American Psychological Association Apologizes for Contributing to Systemic Racism

APA took broad, inclusive, and comprehensive steps to address longstanding racism, both in the field of psychology and by the organization itself, and developed actionable measures to accountably rectify the harm.

In response to the country’s historic reckoning on racism, the American Psychological Association issued a formal apology to communities of color for its role—and the role of the discipline of psychology—in contributing to systemic racism.

The association’s governing body adopted an apology at a recent meeting, acknowledging that APA “failed in its role leading the discipline of psychology, was complicit in contributing to systemic inequities, and hurt many through racism, racial discrimination, and denigration of communities of color, thereby falling short on its mission to benefit society and improve lives.”

“APA is profoundly sorry, accepts responsibility for, and owns the actions and inactions of APA itself, the discipline of psychology, and individual psychologists who stood as leaders for the organization and field,” the apology states.

The resolution, which passed unanimously, acknowledges that “the governing body within APA should have apologized to people of color before today. APA, and many in psychology, have long considered such an apology, but failed to accept responsibility.”

A broad cross-section of APA’s members, including elected and appointed leaders, were responsible for bringing the apology to fruition. But before making the apology, APA first had to define racism. “If we can’t define racism, then how can we act to dismantle it,” said Maysa Akbar, Ph.D., APA’s chief diversity officer.

Once the group passed a resolution defining racism [PDF], it became clear that APA could not move forward without understanding what harms psychology—and APA itself—had created for communities of color. The APA Task Force on Strategies to Eradicate Racism, Discrimination, and Hate, composed of people of color from all different backgrounds, was formed to spearhead an initiative to delve deeper into the issue.

“While we were very careful that people of color were not apologizing to themselves, we did want a task force that would guide the association so that people of color were leading, advising, and guiding the process, assuring that it would be done in the way an apology should be done,” Akbar said.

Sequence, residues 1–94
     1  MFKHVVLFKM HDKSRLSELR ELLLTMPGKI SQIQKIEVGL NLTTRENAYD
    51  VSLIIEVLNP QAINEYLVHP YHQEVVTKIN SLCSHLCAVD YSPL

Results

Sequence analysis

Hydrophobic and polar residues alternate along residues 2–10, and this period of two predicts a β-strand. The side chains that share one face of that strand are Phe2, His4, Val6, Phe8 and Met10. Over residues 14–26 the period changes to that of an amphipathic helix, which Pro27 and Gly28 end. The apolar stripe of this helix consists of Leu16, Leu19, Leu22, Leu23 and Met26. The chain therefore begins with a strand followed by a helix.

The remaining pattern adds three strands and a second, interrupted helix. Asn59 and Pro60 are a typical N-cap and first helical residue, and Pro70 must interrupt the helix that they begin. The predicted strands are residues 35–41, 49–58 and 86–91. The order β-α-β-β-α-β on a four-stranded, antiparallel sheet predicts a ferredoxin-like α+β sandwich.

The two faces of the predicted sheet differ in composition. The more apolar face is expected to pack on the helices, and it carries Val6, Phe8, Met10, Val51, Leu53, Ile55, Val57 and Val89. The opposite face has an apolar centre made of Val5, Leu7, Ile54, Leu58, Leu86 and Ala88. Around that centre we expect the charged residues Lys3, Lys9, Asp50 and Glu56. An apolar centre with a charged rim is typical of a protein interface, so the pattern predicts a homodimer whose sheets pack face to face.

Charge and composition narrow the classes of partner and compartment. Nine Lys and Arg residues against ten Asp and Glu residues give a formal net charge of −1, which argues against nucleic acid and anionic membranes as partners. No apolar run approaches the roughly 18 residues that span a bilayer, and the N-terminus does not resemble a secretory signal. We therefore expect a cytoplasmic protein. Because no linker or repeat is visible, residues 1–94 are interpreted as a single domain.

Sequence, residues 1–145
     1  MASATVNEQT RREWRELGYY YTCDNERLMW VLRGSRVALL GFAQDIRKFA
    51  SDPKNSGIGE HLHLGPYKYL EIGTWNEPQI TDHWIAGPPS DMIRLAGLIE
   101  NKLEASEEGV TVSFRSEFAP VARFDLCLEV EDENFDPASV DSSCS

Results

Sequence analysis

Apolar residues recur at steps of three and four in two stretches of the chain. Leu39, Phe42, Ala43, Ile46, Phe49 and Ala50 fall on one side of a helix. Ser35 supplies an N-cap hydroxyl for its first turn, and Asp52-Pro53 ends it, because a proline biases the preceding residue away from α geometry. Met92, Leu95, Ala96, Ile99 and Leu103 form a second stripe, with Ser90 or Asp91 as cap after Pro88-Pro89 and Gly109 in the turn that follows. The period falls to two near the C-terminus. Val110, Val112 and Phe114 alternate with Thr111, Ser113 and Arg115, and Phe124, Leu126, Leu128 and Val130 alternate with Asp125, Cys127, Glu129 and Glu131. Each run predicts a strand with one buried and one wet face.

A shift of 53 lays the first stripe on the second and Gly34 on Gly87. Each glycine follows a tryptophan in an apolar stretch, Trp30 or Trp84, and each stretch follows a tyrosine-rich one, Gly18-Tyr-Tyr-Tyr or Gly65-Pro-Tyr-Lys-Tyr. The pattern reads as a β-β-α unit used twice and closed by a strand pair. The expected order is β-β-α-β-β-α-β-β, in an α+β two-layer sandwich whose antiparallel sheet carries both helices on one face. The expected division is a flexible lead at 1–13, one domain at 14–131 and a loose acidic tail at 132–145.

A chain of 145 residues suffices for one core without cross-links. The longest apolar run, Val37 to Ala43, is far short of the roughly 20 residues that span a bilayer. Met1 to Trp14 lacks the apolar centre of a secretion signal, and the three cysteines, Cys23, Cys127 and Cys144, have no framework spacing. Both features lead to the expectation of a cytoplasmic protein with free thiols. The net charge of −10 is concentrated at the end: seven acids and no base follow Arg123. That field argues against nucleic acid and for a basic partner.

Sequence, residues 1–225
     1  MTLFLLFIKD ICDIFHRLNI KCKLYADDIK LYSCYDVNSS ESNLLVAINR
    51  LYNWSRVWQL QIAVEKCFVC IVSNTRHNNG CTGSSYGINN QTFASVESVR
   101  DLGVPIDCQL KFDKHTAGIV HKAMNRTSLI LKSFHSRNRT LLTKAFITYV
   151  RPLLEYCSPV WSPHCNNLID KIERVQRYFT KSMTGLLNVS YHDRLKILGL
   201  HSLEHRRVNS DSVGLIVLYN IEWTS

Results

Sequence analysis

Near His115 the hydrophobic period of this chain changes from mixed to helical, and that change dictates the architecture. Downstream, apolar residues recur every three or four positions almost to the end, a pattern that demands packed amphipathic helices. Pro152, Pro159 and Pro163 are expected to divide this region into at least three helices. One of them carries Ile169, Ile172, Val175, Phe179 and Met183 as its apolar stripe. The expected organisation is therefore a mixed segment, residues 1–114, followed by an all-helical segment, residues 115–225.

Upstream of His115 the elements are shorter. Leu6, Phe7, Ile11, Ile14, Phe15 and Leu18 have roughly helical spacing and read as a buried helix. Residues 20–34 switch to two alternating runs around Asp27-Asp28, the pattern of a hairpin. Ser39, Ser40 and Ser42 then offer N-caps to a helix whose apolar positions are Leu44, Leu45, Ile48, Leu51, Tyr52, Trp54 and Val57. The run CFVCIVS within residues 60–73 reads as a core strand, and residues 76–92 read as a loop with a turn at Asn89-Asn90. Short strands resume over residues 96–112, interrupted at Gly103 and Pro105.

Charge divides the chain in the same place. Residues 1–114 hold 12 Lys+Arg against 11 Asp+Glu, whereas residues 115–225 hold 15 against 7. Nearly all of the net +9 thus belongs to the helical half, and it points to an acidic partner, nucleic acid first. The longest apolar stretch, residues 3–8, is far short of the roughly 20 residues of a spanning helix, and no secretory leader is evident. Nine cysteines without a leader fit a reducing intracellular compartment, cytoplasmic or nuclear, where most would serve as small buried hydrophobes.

The task force commissioned a chronology of the long history of damage done to communities of color by psychology and APA. But the voices of people and psychologists of color were notably missing from the record. To get a more accurate picture of the oral history of psychologists of color who are representing communities of color, the task force commissioned listening sessions.

The goal was to capture the historical harms of both the psychologists of color and the communities they serve so APA could craft a more holistic apology. APA also created an open survey for people who could not participate in the listening sessions, which garnered nearly 1,300 respondents.

In constructing the apology, APA followed the guidance of a report with Indigenous origins, The Warrior’s Path, written by APA’s division on ethnic diversity, which helped in creating a clear and meaningful apology. Based on the report, Akbar said, the three elements for an apology are:

  • The apologizer must understand what they are apologizing for.
  • The apologizer must take ownership and responsibility over the harm they have done to the people they have harmed.
  • The apologizer must put in place a process of actionable steps that focuses on repair and reconciliation.

In addition to the apology, APA adopted two other resolutions during the meeting, one delineating APA’s and psychology’s role going forward in dismantling systemic racism in the United States, and the other pledging to work to advance health equity in psychology. The former directs APA’s CEO to develop a long-term plan to prioritize and ensure that the goals identified in the resolution will be achieved.

“For the first time, APA and American psychology are systematically and intentionally examining, acknowledging, and charting a path forward to address their roles in perpetuating racism,” said APA president Jennifer F. Kelly, Ph.D., in a press release. “These resolutions are just the first steps in a long process of reconciliation and healing. This important work will set the path for us to make real change and guide the association and psychology moving forward.”

The American Psychological Association building in Washington, DC. (Wikimedia Commons)

Lisa Boylan

By Lisa Boylan

Lisa Boylan is a senior editor of Associations Now. MORE

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